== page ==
CRTC seeks input on consumer code for wireless providers

Should Canadian wireless providers be required to follow a standard set of rules when dealing with consumers on issues such as contracts and cancellations?

Wireless regulator wonders whether competition is protecting consumers enough

Should Canadian wireless providers be required to follow a standard set of rules when dealing with consumers on issues such as contracts and cancellations?

Canada's telecommunications regulator, which has traditionally opted not to regulate the wireless industry, is now putting that question to wireless providers, consumer advocates and the public. The Canadian Radio-television and Telecommunications Commission announced a consultation on the topic Wednesday.

It said the consultation was the result of requests: 

  • From consumer advocates for a specific rule to protect consumers from being charged for services by their old wireless provider after they have switched providers.
  • From wireless provider Rogers Communications Partnership for the CRTC to develop such a code.

Rogers proposed in March that the code might include rules that would:

  • Specify what kind of changes a wireless provider can and cannot make to a consumer's services during the life of a contract and how much notice is required for allowable changes.
  • Allow consumers to cancel contracts at any time provided they give their wireless provider 30 days' notice. Specify what fees wireless companies can and cannot charge consumers when they cancel their contract early.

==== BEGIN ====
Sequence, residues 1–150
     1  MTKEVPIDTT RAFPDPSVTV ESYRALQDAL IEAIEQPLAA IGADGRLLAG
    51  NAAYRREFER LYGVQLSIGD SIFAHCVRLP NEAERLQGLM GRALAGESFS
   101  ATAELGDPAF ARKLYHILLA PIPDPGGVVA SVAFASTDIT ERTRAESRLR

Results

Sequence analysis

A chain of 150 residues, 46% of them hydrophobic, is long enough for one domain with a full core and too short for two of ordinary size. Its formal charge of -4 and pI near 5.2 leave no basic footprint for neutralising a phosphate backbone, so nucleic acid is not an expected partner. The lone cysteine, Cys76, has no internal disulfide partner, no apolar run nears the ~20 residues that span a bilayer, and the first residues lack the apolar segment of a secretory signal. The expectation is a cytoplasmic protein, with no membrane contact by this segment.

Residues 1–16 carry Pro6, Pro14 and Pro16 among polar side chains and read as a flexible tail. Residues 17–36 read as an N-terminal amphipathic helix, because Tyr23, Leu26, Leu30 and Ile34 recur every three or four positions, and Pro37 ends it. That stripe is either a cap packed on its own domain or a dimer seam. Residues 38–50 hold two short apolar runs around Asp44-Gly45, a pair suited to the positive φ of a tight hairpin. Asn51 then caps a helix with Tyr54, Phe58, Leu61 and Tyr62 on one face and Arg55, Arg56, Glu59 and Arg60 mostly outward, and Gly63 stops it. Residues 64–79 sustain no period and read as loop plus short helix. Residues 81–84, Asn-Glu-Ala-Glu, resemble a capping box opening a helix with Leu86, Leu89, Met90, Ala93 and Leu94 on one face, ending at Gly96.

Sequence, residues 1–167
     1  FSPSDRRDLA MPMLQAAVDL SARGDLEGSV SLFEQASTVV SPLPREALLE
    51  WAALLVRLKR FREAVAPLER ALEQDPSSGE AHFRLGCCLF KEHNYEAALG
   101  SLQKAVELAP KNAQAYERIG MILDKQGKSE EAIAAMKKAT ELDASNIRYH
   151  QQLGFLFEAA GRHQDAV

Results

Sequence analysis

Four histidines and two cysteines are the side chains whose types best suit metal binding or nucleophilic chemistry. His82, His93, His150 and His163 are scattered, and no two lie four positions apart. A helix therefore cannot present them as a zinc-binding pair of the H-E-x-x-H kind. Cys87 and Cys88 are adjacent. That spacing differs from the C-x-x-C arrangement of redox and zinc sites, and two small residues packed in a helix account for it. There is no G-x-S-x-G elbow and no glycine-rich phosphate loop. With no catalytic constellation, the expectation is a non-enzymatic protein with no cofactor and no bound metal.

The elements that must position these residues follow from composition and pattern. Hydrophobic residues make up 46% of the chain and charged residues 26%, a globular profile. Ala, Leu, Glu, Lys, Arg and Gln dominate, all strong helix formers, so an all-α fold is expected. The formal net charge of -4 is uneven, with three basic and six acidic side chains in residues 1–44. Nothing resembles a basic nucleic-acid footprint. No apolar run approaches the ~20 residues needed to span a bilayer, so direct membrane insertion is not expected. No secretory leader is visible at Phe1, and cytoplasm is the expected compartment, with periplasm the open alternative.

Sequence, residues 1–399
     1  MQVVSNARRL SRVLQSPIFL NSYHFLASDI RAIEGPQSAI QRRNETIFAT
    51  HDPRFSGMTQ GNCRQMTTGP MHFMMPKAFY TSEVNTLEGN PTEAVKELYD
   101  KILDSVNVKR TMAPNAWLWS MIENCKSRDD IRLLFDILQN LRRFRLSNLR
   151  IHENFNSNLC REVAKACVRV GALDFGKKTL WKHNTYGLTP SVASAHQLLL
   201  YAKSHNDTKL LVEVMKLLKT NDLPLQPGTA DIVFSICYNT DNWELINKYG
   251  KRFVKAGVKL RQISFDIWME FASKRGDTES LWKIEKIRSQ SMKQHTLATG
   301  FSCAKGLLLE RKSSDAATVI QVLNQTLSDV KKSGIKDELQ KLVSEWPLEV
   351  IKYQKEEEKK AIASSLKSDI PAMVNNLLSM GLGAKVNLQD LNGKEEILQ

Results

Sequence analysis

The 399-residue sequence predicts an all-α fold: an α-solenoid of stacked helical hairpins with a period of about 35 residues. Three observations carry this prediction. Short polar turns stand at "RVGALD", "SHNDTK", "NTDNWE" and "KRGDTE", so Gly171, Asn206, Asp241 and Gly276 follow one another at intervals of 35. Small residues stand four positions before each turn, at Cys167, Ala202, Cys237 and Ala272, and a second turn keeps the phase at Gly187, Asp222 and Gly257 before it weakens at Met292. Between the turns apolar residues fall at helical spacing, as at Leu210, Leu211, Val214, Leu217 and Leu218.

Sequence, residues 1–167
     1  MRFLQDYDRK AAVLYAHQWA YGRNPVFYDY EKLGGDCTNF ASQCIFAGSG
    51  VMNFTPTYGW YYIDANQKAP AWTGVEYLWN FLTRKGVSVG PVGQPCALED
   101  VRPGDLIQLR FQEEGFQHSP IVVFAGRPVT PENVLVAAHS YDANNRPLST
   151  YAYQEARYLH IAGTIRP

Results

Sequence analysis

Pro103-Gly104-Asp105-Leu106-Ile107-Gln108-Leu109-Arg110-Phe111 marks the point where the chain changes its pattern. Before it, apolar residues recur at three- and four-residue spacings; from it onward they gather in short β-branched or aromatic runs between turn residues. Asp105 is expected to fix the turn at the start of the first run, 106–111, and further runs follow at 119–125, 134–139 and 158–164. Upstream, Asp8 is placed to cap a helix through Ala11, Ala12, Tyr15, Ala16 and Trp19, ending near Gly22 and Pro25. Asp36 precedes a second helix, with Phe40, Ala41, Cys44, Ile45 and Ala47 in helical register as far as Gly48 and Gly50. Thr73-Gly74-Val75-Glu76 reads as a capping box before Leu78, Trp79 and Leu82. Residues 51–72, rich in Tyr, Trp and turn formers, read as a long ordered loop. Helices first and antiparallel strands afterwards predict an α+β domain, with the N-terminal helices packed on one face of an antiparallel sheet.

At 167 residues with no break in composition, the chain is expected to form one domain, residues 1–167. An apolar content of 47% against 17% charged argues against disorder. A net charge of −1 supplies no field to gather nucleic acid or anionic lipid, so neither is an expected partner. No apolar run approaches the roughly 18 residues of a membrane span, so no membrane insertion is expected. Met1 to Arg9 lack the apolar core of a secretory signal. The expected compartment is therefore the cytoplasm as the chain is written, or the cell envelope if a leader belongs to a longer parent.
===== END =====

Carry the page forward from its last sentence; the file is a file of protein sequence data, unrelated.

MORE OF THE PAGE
• Require wireless providers to give consumers 60 days' notice that their contract is about to expire and ban providers from automatically renewing it except on a month-to-month basis.
  • Require ads for wireless services to include all monthly fees.

The idea of creating such a national consumer code, although not one necessarily dealing with exactly the issues Rogers proposed, was backed by Telus Communications Corporation; the Canadian Wireless Telecommunications Association, which represents the wireless industry; and the Samuelson-Glushko Canadian Internet and Policy and Public Interest Clinic, which represents consumers and the public in policy issues related to wireless telecommunications.

Market forces preferred over regulation: CRTC

The CRTC's acting chairman, Leonard Katz, said in a statement that a key question the commission hopes to answer through its consultation is whether there is evidence that it's necessary for the CRTC to intervene in the market by developing such a code.

"Our practice has been to rely on market forces as long as we are convinced that the interests of consumers will be looked after," he said.

The CRTC had previously concluded in the mid-1990s that there was enough competition in the wireless sector to protect consumers without regulation. Through this consultation, it is considering whether market conditions have changed "sufficiently to warrant commission intervention."

Those who have written to the CRTC asking for a consumer code argue that a number of provinces have introduced consumer protection laws related to wireless services, and that indicates that there is consumer demand for such rules.  For example, Quebec limits contract cancellation fees and bars wireless providers from automatically renewing contracts.

Tamir Israel, staff lawyer at CIPPIC, said in light of those existing provincial rules, it would be good to have a national standard. He added that before such a standard is developed, there should be a public discussion of what should be included, including some issues that Rogers did not bring up, such as digital locks on phones.

The CRTC is inviting comments on the issue to be submitted on paper or online by May 3. Others will be able to reply to previously submitted comments until May 14.

Consumer complaints to the Commissioner for Complaints for Telecommunications Services more than doubled in 2010-11, compared to the previous year, and 62.3 per cent of complaints were related to wireless services. Most involved alleged billing errors and contract disputes.